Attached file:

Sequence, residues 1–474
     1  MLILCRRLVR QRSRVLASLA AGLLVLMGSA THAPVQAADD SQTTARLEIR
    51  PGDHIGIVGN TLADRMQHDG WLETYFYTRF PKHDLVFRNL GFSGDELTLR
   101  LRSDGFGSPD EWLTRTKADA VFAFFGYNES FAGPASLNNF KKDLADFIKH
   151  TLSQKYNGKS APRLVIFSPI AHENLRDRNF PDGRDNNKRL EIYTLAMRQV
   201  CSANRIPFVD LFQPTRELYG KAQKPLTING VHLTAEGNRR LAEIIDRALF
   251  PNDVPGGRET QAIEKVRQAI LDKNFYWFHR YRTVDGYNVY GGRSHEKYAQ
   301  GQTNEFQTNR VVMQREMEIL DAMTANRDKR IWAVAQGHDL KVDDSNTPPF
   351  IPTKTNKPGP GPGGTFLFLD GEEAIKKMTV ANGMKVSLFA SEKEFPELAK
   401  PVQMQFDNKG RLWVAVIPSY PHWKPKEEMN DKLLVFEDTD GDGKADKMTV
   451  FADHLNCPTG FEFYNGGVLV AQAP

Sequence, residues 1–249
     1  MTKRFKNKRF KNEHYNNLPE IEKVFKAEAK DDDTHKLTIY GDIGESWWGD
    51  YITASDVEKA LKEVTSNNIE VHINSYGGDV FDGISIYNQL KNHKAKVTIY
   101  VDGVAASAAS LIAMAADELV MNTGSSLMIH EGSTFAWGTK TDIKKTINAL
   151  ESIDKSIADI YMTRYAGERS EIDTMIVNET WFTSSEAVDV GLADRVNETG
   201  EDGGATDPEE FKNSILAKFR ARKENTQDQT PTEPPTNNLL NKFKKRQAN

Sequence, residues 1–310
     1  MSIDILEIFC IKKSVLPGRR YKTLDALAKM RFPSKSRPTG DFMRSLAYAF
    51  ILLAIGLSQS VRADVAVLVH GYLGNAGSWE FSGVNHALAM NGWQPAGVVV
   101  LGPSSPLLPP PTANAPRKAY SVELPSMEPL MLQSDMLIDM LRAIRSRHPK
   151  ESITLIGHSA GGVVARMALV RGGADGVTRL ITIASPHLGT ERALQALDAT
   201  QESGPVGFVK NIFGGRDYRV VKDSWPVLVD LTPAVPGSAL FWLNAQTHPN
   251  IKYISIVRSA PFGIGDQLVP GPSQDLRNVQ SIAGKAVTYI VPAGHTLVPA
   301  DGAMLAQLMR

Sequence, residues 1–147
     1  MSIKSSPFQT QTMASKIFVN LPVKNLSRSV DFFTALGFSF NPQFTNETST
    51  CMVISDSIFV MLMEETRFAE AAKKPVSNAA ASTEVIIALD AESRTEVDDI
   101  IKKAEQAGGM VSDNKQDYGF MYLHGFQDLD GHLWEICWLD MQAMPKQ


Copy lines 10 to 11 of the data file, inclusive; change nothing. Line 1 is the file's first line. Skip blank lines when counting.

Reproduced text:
   401  PVQMQFDNKG RLWVAVIPSY PHWKPKEEMN DKLLVFEDTD GDGKADKMTV
   451  FADHLNCPTG FEFYNGGVLV AQAP